never fails when the evil has arrived at a certain pitch, they are so
surprised, so glad, and so transported, that they run all of a sudden
into the other extreme, and are so far from thinking revolutions
impossible that they suppose them easy, and such a disposition alone is
sometimes able to bring them about; witness the late revolution in
France. Who could have imagined, three months before the critical period
of our disorders, that such a revolution could have happened in a kingdom
where all the branches of the royal family were strictly united, where
the Court was a slave to the Prime Minister, where the capital city and
all the provinces were in subjection to him, where the armies were
victorious, and where the corporations and societies seemed to have no
power?--whoever, I say, had said this would have been thought a madman,
not only in the judgment of the vulgar, but in the opinion of a D'Estrees
or a Senneterre.

In August, 1647, there was a mighty clamour against the tariff edict
imposing a general tax upon all provisions that came into Paris, which
the people were resolved to bear no longer. But the gentlemen of the
Council being determined to support it, the Queen consulted the members
deputed from Parliament, when Cardinal Mazarin, a mere ignoramus in these
affairs, said he wondered that so considerable a body as they were should
mind such trifles,--an expression truly worthy of Mazarin. However, the
Council at length imagining the Parliament would do it, thought fit to
suppress the tariff themselves by a declaration, in order to save the
King's credit. Nevertheless, a few days after, they presented five
edicts even more oppressive than the tariff, not with any hopes of having
them received, but to force the Parliament to restore the tariff. Rather
than admit the new ones, the Parliament consented to restore the old one,
but with so many qualifications that the Court, despairing to find their
account in it, published a decree of the Supreme Council annulling that
of the Parliament with all its modifications. But the Chamber of
Vacations answered it by another, enjoining the decree of Parliament to
be put in execution. The Council, seeing they could get no money by this
method, acquainted the Parliament that, since they would receive no new
edicts, they could do no less than encourage the execution of such edicts
as they had formerly ratified; and thereupon they trumped up a
declaration which had been registered two years before for the
establishment of the Chamber of Domain, which was a terrible charge upon
the people, had very pernicious consequences, and which the Parliament
had passed, either through a surprise or want of better judgment. The
people mutinied, went in crowds to the Palace, and used very abusive
language to the President de Thore, Emeri's son. The Parliament was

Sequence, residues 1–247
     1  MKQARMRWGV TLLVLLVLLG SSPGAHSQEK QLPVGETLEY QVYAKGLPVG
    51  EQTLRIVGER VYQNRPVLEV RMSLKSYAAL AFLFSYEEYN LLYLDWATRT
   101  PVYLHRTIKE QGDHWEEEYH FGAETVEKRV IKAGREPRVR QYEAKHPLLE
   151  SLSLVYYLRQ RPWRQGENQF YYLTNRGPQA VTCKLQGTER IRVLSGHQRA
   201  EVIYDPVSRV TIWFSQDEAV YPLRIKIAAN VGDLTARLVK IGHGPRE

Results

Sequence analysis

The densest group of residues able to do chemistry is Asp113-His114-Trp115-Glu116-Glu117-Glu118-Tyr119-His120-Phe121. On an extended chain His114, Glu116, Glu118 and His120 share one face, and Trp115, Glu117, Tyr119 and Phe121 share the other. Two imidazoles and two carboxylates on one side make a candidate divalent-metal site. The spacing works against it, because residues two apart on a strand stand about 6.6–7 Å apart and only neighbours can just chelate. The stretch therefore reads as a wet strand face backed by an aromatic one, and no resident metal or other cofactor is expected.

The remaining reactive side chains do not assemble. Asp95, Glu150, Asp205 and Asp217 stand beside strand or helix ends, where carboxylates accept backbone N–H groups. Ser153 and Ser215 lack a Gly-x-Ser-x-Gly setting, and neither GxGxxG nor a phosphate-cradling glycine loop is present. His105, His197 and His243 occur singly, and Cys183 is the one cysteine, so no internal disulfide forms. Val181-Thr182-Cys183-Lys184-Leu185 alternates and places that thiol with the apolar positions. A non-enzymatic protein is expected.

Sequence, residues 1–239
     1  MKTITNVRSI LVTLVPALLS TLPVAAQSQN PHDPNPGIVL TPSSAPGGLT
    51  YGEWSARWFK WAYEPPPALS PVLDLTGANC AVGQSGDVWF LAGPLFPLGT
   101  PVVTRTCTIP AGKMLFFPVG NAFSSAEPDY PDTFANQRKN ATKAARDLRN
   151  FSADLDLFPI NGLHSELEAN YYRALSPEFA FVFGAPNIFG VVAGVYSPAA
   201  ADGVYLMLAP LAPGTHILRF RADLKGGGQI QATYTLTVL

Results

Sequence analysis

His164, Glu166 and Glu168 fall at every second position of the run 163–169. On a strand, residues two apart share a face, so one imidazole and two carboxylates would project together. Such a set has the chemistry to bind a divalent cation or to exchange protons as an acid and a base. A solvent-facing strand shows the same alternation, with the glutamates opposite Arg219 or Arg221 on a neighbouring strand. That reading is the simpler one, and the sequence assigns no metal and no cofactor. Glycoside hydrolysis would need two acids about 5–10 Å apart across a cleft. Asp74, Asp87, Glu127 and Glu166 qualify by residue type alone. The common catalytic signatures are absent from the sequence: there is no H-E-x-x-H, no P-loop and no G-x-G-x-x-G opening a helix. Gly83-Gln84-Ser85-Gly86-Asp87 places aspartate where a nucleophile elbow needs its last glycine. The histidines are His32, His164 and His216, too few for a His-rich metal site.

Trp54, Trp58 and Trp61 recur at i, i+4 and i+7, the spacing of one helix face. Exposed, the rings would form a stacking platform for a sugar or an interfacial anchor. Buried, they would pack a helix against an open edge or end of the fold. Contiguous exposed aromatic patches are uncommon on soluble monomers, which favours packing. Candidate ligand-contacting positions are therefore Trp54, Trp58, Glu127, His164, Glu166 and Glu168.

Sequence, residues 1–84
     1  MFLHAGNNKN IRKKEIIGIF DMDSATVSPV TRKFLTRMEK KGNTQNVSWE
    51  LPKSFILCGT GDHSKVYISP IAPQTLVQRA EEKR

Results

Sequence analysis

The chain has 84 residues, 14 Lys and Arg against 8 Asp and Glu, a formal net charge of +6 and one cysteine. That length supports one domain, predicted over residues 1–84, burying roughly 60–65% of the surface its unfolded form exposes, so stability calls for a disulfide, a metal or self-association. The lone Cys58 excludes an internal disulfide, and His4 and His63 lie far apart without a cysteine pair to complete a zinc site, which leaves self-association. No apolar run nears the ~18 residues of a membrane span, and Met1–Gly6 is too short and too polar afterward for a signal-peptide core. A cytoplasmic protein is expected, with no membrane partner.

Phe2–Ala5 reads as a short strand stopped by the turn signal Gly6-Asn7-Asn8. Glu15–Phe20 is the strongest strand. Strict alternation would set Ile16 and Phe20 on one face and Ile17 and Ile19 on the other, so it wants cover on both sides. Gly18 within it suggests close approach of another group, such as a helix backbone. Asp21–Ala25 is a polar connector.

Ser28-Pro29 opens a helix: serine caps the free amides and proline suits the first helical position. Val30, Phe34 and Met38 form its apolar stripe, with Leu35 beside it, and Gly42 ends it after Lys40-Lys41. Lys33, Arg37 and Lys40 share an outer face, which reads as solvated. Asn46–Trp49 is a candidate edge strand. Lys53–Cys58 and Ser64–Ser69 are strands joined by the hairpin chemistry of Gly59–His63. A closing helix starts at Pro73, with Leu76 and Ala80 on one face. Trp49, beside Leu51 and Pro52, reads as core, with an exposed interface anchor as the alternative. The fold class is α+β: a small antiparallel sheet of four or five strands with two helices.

obliged to pass a decree against the mutineers.

The Court, overjoyed to see the Parliament and the people together by the
ears, supported the decree by a regiment of French and Swiss Guards. The
Parisians were alarmed, and got into the belfries of three churches in
the street of Saint Denis, where the guards were posted. The Provost ran
to acquaint the Court that the city was just taking arms. Upon which
they ordered the troops to retire, and pretended they were posted there
for no other end than to attend the King as he went to the Church of
Notre Dame; and the better to cover their design, the King went next day
in great pomp to the said church, and the day after he went to
Parliament, without giving notice of his coming till very late the night
before, and carried with him five or six edicts more destructive than the
former. The First President spoke very boldly against bringing the King
into the House after this manner, to surprise the members and infringe
upon their liberty of voting. Next day the Masters of Requests, to whom
one of these edicts, confirmed in the King's presence, had added twelve
colleagues, met and took a firm resolution not to admit of this new
creation. The Queen sent for them, told them they were very pretty
gentlemen to oppose the King's will, and forbade them to come to Council.
Instead of being frightened, they were the more provoked, and, going into
the Great Hall, demanded that they might have leave to enter their
protest against the edict for creating new members, which was granted.

The Chambers being assembled the same day to examine the edicts which the
King had caused to be ratified in his presence, the Queen commanded them
to attend her by their deputies in the Palais Royal, and told them she
was surprised that they pretended to meddle with what had been
consecrated by the presence of the King. These were the very words of
the Chancellor. The First President answered that it was the custom of
Parliament, and showed the necessity of it for preserving the liberty of
voting. The Queen seemed to be satisfied; but, finding some days after
that the Parliament was consulting as to qualifying those edicts, and so
render them of little or no use, she ordered the King's Council to forbid
the Parliament meddling with the King's edicts till they had declared
formally whether they intended to limit the King's authority. Those
members that were in the Court interest artfully took advantage of the
dilemma the Parliament was in to answer the question, and, in order to
mollify them, tacked a clause to the decrees which specified the
restrictions, namely, that all should be executed according to the good
pleasure of the King. This clause pleased the Queen for a while, but
when she perceived that it did not prevent the rejecting of almost any
other edict by the common suffrage of the Parliament, she flew into a
passion, and told them plainly that she would have all the edicts,
without exception, fully executed, without any modifications whatsoever.

Not long after this, the Court of Aids, the Chamber of Accounts, the